Parsing a string for nested patterns

What would be the best way to do this.

The input string is

<133_3><135_3><116_2>The other system worked for about 1 month</116_2> got some good images <137_3>on it then it started doing the same thing as the first one</137_3> so then I quit using either camera now they are just sitting and collecting dust.</135_3></133_3>

the expected output is

{'The other system worked for about 1 month got some good images on it then it started doing the same thing as the first one so then I quit \
using either camera now they are just sitting and collecting dust.':[133, 135],

'The other system worked for about 1 month': [116],

'on it then it started doing the same thing as the first one':[137]

}

that seems like a recursive regexp search but I can't figure out how exactly.

I can think of a tedious recursive function as of now, but have a feeling that there should be a better way.

Related question: Can regular expressions be used to match nested patterns?


Asked by: Roland718 | Posted: 01-10-2021






Answer 1

Use expat or another XML parser; it's more explicit than anything else, considering you're dealing with XML data anyway.

However, note that XML element names can't start with a number as your example has them.

Here's a parser that will do what you need, although you'll need to tweak it to combine duplicate elements into one dict key:

from xml.parsers.expat import ParserCreate

open_elements = {}
result_dict = {}

def start_element(name, attrs):
    open_elements[name] = True

def end_element(name):
    del open_elements[name]

def char_data(data):
    for element in open_elements:
        cur = result_dict.setdefault(element, '')
        result_dict[element] = cur + data

if __name__ == '__main__':
    p = ParserCreate()

    p.StartElementHandler = start_element
    p.EndElementHandler = end_element
    p.CharacterDataHandler = char_data

    p.Parse(u'<_133_3><_135_3><_116_2>The other system worked for about 1 month</_116_2> got some good images <_137_3>on it then it started doing the same thing as the first one</_137_3> so then I quit using either camera now they are just sitting and collecting dust.</_135_3></_133_3>', 1)

    print result_dict

Answered by: Arthur245 | Posted: 02-11-2021



Answer 2

Take an XML parser, make it generate a DOM (Document Object Model) and then build a recursive algorithm that traverses all the nodes, calls "text()" in each node (that should give you the text in the current node and all children) and puts that as a key in the dictionary.

Answered by: Sawyer546 | Posted: 02-11-2021



Answer 3

from cStringIO   import StringIO
from collections import defaultdict
####from xml.etree   import cElementTree as etree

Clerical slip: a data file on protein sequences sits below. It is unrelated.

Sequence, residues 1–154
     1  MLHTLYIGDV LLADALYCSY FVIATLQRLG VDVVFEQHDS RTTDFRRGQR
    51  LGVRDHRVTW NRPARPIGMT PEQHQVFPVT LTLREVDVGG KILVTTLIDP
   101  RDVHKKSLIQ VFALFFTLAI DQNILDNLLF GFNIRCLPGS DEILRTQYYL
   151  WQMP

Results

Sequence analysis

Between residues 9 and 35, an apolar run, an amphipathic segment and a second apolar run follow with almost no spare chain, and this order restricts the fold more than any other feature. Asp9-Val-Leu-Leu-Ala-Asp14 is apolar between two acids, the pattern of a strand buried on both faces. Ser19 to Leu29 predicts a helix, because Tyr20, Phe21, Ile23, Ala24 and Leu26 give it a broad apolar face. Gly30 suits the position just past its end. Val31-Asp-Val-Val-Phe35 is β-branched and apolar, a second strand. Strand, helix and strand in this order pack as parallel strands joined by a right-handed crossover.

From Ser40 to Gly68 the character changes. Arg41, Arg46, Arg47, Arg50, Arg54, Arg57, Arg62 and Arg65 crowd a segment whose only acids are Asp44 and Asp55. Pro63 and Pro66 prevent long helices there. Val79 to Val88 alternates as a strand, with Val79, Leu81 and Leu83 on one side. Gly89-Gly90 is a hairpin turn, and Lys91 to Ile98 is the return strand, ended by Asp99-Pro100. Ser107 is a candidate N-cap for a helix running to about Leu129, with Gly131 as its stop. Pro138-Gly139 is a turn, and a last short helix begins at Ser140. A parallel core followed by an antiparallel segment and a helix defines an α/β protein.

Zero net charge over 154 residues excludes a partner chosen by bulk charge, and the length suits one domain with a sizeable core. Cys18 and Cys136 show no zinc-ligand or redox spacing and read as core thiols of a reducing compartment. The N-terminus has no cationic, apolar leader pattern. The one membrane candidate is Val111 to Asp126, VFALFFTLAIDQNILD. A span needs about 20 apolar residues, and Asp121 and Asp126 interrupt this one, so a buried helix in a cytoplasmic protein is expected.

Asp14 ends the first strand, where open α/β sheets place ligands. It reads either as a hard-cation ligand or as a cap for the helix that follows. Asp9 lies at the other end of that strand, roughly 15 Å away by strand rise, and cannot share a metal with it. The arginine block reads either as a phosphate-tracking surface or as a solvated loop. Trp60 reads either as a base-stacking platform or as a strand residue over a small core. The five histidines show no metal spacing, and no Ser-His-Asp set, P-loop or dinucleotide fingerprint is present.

from lxml import etree

xml = "<e133_3><e135_3><e116_2>The other system worked for about 1 month</e116_2> got some good images <e137_3>on it then it started doing the same thing as the first one</e137_3> so then I quit using either camera now they are just sitting and collecting dust. </e135_3></e133_3>"

d = defaultdict(list)
for event, elem in etree.iterparse(StringIO(xml)):
    d[''.join(elem.itertext())].append(int(elem.tag[1:-2]))

print(dict(d.items()))

Output:

{'on it then it started doing the same thing as the first one': [137], 
'The other system worked for about 1 month': [116], 
'The other system worked for about 1 month got some good images on it then it started doing the same thing as the first one so then I quit using \
either camera now they are just sitting and collecting dust. ': [133, 135]}

Answered by: Kelvin178 | Posted: 02-11-2021



Answer 4

I think a grammar would be the best option here. I found a link with some information: http://www.onlamp.com/pub/a/python/2006/01/26/pyparsing.html

Answered by: Maria304 | Posted: 02-11-2021



Answer 5

Note that you can't actually solve this by a regular expression, since they don't have the expressive power to enforce proper nesting.

Take the following mini-language:

A certain number of "(" followed by the same number of ")", no matter what the number.

You could make a regular expression very easily to represent a super-language of this mini-language (where you don't enforce the equality of the number of starts parentheses and end parentheses). You could also make a regular expression very easilty to represent any finite sub-language (where you limit yourself to some max depth of nesting). But you can never represent this exact language in a regular expression.

So you'd have to use a grammar, yes.

Answered by: Chester670 | Posted: 02-11-2021



Answer 6

Here's an unreliable inefficient recursive regexp solution:

import re

re_tag = re.compile(r'<(?P<tag>[^>]+)>(?P<content>.*?)</(?P=tag)>', re.S)

def iterparse(text, tag=None):
    if tag is not None: yield tag, text
    for m in re_tag.finditer(text):
        for tag, text in iterparse(m.group('content'), m.group('tag')):
            yield tag, text

def strip_tags(content):
    nested = lambda m: re_tag.sub(nested, m.group('content'))
    return re_tag.sub(nested, content)


txt = "<133_3><135_3><116_2>The other system worked for about 1 month</116_2> got some good images <137_3>on it then it started doing the same thing as the first one</137_3> so then I quit using either camera now they are just sitting and collecting dust. </135_3></133_3>"
d = {}
for tag, text in iterparse(txt):
    d.setdefault(strip_tags(text), []).append(int(tag[:-2]))

print(d)

Output:

{'on it then it started doing the same thing as the first one': [137], 
 'The other system worked for about 1 month': [116], 
 'The other system worked for about 1 month got some good images on it then it started doing the same thing as the first one so then I quit using \
 either camera now they are just sitting and collecting dust. ': [133, 135]}

Answered by: Walter687 | Posted: 02-11-2021



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